A tribute to our member, and Honorary Secretary of the High Court Law Library,Milind Vasudeo.

Nothing prepares us for those moments of senselessness that erupt so unpredictably. These are times that leave us with no appropriate response. The passing of our colleague and friend, Milind Vasudeo, at such a ridiculously early age, robbed us of more than it is possible to account. How does one even begin to grieve? For lawyers whose stock in trade is a lack of finality, the verdict of life and death holds a very real terror: there is no appeal, no review, no revision, not even a reason. It is an irony that would not have been lost on Milind.

Many years ago, Milind, Suresh Gupte and I were at a reading by the late Vijay Tendulkar, the renowned Marathi playwright. There was complete silence. No one spoke or coughed or cleared this throat. Tendulkar, as was his manner, read softly and dispassionately. But the words were filled with an excoriating rage and a strangely intense sadness. The effect was somehow electrifying and I never quite understood what made it so. Milind and I often spoke of that evening, and he once explained to me what it was that made it so special. The separation, he said, of form and substance, that remarkable distinction between the soft, gentle voice and the knife-edge words, gave it that impact.

It seems natural now that Milind should have seen this. In many ways, it reflected his own temperament. Even under the most extreme provocation—and there has been at least one such instance—no one has ever heard him raise his voice in court or outside, or publicly display anything but complete calm. Such equanimity in a highly stressed vocation is rare, and watching Milind turn a hostile court proved its value.

The Honorary Secretaryship of the High Court Law Library could never have been easy. Perenially strapped for finances, a common resistance to change and to every increase in the paltry fees, the rising costs of books and journals and the need to look after our dedicated and committed staff have always been powerful forces pulling in different directions. How Milind managed to keep it stable and on course for years on end is something only he knew. It is going to be a very, very hard act to follow.

And yet, beneath that calm and genial appearance lay fierce passions. There was the annual pilgrimage on foot to Shirdi, not something for the faint of heart given the road, the environment and the heat. Milind did it year after year. Then there was his delightful obsession with food. Semper paratus in that department was our Milind, ever willing to dive into the smallest byelanes of the city to find the one particular delicacy he sought. And of course he just had to know about every ingredient, where it came from, what kinds were the best, how it was prepared, and his eyes danced when he spoke about it all. There was, too, his house at Nagaon, which he always spoke of with a sort of wistfulness as if to saynow why on earth should I be standing here talking to you when I could be there?Above all, there was his family; it’s difficult to think of a conversation when he didn’t speak of them with an intense pride, especially in the children’s very real achievements. There was no hubris in this, just the indescribable joy of a father.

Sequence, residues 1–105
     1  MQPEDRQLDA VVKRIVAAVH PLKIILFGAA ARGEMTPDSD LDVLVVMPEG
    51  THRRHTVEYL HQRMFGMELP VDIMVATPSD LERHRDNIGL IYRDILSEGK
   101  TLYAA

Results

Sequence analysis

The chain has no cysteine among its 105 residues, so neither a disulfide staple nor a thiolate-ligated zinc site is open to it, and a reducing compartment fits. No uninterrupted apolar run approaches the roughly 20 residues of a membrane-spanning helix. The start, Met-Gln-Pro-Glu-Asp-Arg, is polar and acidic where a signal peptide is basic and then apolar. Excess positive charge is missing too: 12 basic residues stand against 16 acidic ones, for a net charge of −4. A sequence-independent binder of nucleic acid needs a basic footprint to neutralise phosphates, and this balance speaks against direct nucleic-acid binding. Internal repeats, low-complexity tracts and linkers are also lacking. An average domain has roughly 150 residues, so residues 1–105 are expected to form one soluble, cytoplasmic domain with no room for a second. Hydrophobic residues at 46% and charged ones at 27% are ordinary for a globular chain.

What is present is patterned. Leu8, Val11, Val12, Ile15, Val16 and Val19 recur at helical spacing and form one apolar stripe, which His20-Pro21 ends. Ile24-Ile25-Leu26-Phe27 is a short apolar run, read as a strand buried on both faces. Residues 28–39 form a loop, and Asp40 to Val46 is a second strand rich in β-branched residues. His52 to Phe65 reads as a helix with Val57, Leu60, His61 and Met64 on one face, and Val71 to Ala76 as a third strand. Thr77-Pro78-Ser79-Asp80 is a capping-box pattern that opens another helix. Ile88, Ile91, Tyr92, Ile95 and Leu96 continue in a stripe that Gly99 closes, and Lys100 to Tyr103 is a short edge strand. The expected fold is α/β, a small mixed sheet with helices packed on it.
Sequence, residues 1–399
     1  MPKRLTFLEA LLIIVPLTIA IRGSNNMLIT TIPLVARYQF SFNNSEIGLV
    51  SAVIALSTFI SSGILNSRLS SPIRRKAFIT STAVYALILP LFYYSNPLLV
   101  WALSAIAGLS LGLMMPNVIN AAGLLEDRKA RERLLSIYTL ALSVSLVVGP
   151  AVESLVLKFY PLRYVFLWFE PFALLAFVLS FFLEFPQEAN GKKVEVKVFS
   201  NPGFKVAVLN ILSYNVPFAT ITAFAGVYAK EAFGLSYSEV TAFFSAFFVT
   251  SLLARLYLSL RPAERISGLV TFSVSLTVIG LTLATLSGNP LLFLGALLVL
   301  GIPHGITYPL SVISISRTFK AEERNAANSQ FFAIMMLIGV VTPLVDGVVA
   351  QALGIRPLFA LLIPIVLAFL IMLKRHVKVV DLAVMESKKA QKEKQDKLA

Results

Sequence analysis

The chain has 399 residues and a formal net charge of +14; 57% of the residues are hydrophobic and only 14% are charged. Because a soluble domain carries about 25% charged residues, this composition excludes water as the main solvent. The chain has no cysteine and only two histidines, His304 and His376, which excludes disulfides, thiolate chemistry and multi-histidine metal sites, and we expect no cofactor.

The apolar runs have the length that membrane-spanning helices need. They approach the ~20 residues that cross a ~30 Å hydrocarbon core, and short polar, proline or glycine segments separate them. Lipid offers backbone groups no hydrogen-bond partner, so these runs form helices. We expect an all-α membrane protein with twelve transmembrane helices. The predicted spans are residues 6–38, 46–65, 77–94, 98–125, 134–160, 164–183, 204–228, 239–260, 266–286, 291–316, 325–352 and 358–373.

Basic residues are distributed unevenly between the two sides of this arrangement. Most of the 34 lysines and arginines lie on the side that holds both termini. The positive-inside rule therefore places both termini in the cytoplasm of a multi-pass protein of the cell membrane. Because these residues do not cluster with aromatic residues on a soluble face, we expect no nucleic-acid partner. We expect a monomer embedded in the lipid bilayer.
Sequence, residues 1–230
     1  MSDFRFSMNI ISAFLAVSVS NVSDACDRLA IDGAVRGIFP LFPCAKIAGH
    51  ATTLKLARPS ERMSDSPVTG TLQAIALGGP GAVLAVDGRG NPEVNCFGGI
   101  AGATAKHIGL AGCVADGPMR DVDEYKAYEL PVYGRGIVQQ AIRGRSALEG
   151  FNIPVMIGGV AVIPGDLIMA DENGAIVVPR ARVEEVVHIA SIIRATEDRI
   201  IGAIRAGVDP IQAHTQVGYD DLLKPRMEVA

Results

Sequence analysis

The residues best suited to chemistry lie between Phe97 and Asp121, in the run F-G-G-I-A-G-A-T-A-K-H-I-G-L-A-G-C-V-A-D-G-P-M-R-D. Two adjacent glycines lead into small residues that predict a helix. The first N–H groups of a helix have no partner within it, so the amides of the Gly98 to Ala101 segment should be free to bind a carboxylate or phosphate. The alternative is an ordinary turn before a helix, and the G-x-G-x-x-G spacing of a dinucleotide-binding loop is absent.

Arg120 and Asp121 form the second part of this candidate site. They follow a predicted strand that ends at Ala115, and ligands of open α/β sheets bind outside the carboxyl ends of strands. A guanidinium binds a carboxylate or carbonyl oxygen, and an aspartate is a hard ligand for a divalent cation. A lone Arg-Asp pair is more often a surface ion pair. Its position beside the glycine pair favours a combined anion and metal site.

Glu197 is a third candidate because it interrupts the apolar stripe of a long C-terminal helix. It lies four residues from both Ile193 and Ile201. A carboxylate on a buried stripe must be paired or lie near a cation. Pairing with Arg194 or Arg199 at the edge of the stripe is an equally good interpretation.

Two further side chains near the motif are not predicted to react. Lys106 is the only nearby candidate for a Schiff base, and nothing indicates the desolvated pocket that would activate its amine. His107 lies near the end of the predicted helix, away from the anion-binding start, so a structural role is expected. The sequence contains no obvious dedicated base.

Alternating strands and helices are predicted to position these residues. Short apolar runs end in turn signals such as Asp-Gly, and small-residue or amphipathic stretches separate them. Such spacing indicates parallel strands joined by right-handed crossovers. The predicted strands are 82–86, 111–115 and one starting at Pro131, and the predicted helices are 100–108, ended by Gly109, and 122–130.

A couple of years ago, I saw him argue a difficult case. He didn’t succeed. Others may have shrugged and walked away. Not Milind. A while later, I saw him again in the Bar Association. He was with his client who was greatly agitated. Milind spent very nearly an hour or more with him, presumably pacifying him, explaining the situation. At one point, he just sat quietly with the distraught client, not saying a word, just being there for the man. That afternoon, as we often did, we walked back together from Court to our chambers just one lane from each other’s, and I remarked on what I’d seen. He smiled gently. “It’s no trouble,” he said. “The way I see it, it has to be part of the job. Of course litigation is unpredictable, but even if everyone knows that, losing is always hard and winning is not always easy. But win or lose, you can’t just hand a client the papers and send him the bill. Being a lawyer has got to mean more than that.”

Came 2008, a difficult year for Milind. First there was the obstructive hepatitis that kept him from court for several months, and then a series of ailments. It changed him physically to the point where some failed to recognize him, but only realized who he was when he spoke. We thought things were on the mend. He assured us they were. Why, he had even done his annual pilgrimage. Then came the news that horrendous morning. It is one of the times when one curses technology for the speed at which it conveys news no one wants or needs to hear.

Nearly a month later, shock still sharpens our grief. Even in this theatre of the absurd, there are some vicissitudes that fill us with rage. It is too unfair, too arbitrary, too unjust. Here was a man who had done nothing but good, a man who revelled in every joy that life has to offer, who had nothing but an abundant kindness and gentleness in every fibre of his being. Why he of all people should be taken from his family and friends so early is something we will never know. No appeal, no review, no revision; we are without adequate response, except perhaps this: only the good die young.

Godspeed Milind, lawyer, colleague, friend. It’s going to be a lonelier, sadder and poorer world without you.

The stars are not wanted now: put out every one;
Pack up the moon and dismantle the sun;
Pour away the ocean and sweep up the wood.
For nothing now can ever come to any good.
— W. H. Auden